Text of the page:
In a new production and logistics hall at the Dinklage site, gigant now produces more than 300 Krone axles per day. The automated line for assembling standard axles was recently put into operation. In addition, there is a three-storey office block housing logistics, visitor registration and a new waiting area for lorry drivers. Production volume and the number of staff employed by the axle manufacturer, which has been part of the Krone Commercial Vehicle Group since 2013, has steadily grown in recent years.
BLOCKCHAIN FOR PALLET EXCHANGE
Blockchain is one of the most exciting new technologies. The standardisation organisation GS1 Germany together with around 20 companies and partners from science and technology are investigating whether and how the exchange of Euro pallets can be managed digitally, transparently and efficiently using blockchain technology. This single project will be completed at the end of the year. They hope to test the technology in a specific individual case and digitalise the pallet ticket. At the start of the project at the Handelslogistik Kongress Log 2018 in Cologne, Regina Haas-Hamannt, Head of Innovation at GS1Germany said: “If we do it right, by the time we finish the project, paper will be gone.” Manufacturers such as Beiersdorf, Dole Europe and Dr. Oetker took part as well as retail companies, including DM-Drogerie-Markt, Kaufland and Lekkerland.
ORDER VEHICLE-SPECIFC PARTS ONLINE
In the Krone online shop, customers can find a range of spare parts and accessories for their trailers, from axles to lashing straps, including the ability to order vehicle-specific parts. To do this, you enter the vehicle identification number or scan in the QR code on the name plate: You get immediate access to the whole range of accessories for that precise vehicle. To place orders, you just have to register once by clicking on the “Become a customer” button. www.krone-trailerparts.com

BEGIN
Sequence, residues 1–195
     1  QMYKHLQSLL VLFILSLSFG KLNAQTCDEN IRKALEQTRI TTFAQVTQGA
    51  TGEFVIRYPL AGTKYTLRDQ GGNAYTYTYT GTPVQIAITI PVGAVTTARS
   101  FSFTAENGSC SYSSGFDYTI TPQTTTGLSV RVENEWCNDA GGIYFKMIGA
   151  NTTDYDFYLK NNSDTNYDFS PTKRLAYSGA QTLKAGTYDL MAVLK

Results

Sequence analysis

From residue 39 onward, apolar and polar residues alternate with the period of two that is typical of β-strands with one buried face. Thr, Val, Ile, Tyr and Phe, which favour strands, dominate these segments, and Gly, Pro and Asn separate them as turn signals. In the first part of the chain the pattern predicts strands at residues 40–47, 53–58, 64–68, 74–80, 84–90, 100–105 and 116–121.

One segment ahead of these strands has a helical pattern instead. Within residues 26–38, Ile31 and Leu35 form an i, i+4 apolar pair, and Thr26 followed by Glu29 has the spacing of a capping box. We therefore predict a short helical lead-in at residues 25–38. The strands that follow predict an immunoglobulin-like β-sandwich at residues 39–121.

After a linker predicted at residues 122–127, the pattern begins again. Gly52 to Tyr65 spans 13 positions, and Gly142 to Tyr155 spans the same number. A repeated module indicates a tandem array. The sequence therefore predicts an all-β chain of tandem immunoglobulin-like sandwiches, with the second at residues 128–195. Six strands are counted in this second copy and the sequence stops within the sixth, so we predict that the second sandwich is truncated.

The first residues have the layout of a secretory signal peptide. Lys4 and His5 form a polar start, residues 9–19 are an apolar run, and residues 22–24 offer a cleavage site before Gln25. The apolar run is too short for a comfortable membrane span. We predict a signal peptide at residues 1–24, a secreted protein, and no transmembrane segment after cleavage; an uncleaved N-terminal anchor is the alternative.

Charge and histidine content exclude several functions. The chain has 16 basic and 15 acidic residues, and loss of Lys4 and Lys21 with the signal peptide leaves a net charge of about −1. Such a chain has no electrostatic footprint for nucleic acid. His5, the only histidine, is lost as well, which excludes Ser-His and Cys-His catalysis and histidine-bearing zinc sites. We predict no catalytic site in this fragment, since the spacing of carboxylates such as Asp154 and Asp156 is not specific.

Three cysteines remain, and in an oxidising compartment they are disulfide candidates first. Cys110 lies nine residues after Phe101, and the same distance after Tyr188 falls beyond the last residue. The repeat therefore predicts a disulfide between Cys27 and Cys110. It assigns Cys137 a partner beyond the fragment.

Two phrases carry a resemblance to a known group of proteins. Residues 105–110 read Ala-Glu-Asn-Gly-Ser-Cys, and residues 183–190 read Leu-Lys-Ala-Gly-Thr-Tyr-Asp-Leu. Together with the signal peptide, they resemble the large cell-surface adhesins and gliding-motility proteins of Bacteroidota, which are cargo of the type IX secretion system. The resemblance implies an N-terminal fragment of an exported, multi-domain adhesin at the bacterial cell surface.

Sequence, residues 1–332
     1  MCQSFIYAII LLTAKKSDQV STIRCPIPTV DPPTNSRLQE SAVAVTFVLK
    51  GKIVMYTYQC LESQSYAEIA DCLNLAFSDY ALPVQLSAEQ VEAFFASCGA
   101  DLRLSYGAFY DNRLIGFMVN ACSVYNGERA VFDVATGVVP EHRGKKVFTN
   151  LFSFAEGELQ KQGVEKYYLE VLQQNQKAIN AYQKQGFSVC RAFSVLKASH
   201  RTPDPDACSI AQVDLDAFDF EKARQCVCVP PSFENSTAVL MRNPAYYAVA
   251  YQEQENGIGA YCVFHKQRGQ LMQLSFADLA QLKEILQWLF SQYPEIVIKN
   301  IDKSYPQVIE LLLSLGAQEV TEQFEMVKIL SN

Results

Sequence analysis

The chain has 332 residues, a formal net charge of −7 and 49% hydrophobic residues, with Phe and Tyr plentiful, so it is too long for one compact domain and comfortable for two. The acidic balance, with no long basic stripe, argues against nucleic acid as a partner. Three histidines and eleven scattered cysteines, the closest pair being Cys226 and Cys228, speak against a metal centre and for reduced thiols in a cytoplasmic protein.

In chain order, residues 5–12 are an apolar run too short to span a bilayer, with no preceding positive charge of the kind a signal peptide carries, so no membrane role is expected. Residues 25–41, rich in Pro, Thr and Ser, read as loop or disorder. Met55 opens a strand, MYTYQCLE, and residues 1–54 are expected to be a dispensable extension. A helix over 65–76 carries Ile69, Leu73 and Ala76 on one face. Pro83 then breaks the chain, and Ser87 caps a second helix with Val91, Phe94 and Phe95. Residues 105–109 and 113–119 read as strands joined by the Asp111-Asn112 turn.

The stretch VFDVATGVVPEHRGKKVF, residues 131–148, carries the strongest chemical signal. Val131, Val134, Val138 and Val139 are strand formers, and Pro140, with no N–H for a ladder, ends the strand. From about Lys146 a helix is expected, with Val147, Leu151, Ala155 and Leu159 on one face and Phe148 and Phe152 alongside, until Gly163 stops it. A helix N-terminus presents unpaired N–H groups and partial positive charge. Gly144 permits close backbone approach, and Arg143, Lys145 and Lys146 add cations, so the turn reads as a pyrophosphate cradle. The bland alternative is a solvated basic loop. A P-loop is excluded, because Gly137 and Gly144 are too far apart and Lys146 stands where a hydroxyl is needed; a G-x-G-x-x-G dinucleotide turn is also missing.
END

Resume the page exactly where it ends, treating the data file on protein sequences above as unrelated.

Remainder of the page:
In Schmalkalden in the state of Thuringia, Germany’s first permanent 3D pedestrian crossing was painted on a street. It looks as though the strips are floating above the tarmac – the optical illusion should increase drivers’ awareness.
Once again, seven students at the Faculty for Engineering and Computer Sciences at Osnabrück University have been granted a scholarship by the Dr Bernard Krone Foundation. With this, three of the best mechanical and automotive engineering students in the year are given funding. A seventh scholarship is donated by the Krone subsidiary gigant.
two entrepreneurs from Hamburg are bringing drivers and forwarders together. Users are recommended suitable partners in real time and they decide which forwarder to contact. The aim is to forge long-term working relationships.
DR DAVID FRINK NEW CFO
Bernard Krone Holding SE & Co. KG has brought Dr David Frink (45) into their top management as CFO (Chief Financial Officer) and is the consummate professional taking on the challenges of the agricultural engineering and commercial vehicle business segment, in particular in regard to the increasing internationalisation and expansion of the company. David Frink works alongside the former Chairman of the Management Board Alfons Veer (63) and the Managing Partner Bernard Krone, and is responsible for the Group’s strategic and conceptual development and operational areas. Most recently, he was Chief Financial Officer at Gerry Weber International AG. He served on the Management Board there and was responsible for Finance, Production, Logistics, IT and Personnel.